Not to be outdone, Bradley Cooper’s A Star Is Born’s 27% drop this weekend, taking around $8 million for a total of $178 million, has upped its chances of crossing the $200 million mark; still, only a single film to have earned between $173 million and $183 million after 38 days of release has reached the milestone. That film was Wedding Crashers. Sony’s Venom has already reached that milestone with over $206 million and is standing at over $673 million throughout the world. David Gordon Green’s Halloween is going to have to settle for being Blumhouse’s second biggest all-time domestic grosser, having earned $3.8 million this weekend, and possibly their second biggest worldwide grosser as well. Its totals stand at $156.7 million and $245 million worldwide (Get Out and Split are the current champs with $176 and $278 million, respectively).
Finally, in limited-release news, Jason Reitman’s The Front Runner (62% on the Tomatometer) might be showing that audience’s aren’t so interested in political scandal on the big screen: a $56,000 start in just four theaters is less than the documentaries The Cove and Comedian. On the semi-bright side, though, last year’s Roman J. Israel, Esq. started with $61,999 and expanded into a final gross of $11.9 million. Fox Searchlight’s Can You Ever Forgive Me? (Certified Fresh at 98%) added 211 theaters and grossed $1.47 million for a total of $3.6 million. The studio’s The Old Man and the Gun (90% on the Tomatometer) crossed the $10 million line as well. Amazon’s Beautiful Boy (69% on the Tomatometer) is up to $5.1 million after expanding into 776 theaters and grossing $1.40 million this weekend.
There was no stopping Thor: Ragnarok, which took the top spot at the box office for a second straight week. Its $57 million take put it over the $200 million mark. Second and third place were pretty evenly matched, with Daddy’s Home 2 narrowly edging Kenneth Branagh’s Murder on the Orient Express redux $29.6-to-$28.6 million. Then, in limited release, Three Billboards Outside Ebbing, Missouri, grossed $322,168, making it the second-best four-theater average of 2017. Lady Bird grossed $364,437 the week earlier and finished 10th this week with $1.19 million in just 37 theaters. The top 10 in 2017 grossed a total of $137.8 million and had just a 50.8% average on the Tomatometer; this weekend brought in an estimated $149.8 million and averaged 58.8% on the Tomatometer.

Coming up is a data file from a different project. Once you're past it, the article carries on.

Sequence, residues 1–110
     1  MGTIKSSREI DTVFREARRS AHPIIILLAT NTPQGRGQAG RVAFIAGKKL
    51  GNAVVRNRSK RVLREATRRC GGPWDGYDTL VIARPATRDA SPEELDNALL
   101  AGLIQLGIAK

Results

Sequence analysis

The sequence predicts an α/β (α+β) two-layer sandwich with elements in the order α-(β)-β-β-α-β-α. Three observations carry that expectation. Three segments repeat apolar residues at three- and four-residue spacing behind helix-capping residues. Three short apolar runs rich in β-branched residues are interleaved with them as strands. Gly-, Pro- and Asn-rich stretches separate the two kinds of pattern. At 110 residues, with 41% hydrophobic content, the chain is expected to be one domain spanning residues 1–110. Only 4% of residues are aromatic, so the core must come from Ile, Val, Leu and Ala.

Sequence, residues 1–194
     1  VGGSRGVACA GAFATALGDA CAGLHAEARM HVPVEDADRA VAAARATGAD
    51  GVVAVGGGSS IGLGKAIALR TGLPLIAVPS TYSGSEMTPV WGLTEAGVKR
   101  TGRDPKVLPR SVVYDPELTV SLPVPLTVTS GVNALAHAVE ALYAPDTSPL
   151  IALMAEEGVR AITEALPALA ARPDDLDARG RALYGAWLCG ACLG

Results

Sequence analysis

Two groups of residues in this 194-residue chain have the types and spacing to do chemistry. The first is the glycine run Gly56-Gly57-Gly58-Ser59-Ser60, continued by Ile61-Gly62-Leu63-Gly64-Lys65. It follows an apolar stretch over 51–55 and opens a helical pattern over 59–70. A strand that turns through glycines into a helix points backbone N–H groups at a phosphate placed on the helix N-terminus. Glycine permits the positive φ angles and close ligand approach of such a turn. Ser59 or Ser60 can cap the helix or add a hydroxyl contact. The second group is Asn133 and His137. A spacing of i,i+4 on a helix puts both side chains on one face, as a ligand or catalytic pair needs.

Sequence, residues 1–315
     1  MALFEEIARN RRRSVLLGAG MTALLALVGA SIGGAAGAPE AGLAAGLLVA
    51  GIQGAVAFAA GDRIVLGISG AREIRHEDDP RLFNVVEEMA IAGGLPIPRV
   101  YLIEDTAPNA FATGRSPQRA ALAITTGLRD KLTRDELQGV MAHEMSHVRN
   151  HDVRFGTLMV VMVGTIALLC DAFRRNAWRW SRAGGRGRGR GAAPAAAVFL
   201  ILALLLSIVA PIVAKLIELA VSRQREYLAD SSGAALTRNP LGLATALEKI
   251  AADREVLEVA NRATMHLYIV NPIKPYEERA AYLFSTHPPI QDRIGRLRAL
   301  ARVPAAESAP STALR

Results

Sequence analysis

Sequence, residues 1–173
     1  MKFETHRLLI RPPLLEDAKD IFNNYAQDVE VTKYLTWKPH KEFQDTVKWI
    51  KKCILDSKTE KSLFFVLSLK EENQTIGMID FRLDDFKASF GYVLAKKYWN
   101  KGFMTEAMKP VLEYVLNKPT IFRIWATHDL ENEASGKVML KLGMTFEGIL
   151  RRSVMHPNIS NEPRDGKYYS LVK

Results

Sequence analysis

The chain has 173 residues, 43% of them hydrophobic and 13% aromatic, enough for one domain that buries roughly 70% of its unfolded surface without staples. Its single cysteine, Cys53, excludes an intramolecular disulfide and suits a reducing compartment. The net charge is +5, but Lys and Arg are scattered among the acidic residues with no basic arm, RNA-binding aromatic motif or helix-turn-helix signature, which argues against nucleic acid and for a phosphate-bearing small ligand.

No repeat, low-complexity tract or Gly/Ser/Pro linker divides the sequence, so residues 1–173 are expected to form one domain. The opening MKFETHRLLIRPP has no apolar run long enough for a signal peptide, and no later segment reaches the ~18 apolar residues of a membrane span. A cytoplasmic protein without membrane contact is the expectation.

Fantastic Beasts: The Crimes of Grindelwald continues the prequel series whose first film earned a solid $234 million domestically but made the bulk of its $818 million overseas. Will the addition of Johnny Depp turn some people away or will folks who discovered the film at home turn this into an even bigger success? It is currently at 57% on the Tomatometer, and could potentially end up the first Rotten movie in the Potter franchise. For the adults in the room, Steve McQueen’s Widows opens, and is already Certified Fresh at 94% on the Tomatometer. Meanwhile, Instant Family features Mark Wahlberg and Rose Byrne as newly adoptive parents in a comedy that Paramount hopes to turn into a sleeper hit. The Audience Award winner at the Toronto International Film Festival, Peter Farrelly’s Green Book (93% on the Tomatometer), with Viggo Mortensen and Oscar-winner Mahershala Ali, will open in 20 markets before going wide for Thanksgiving.
[box office figures via Box Office Mojo]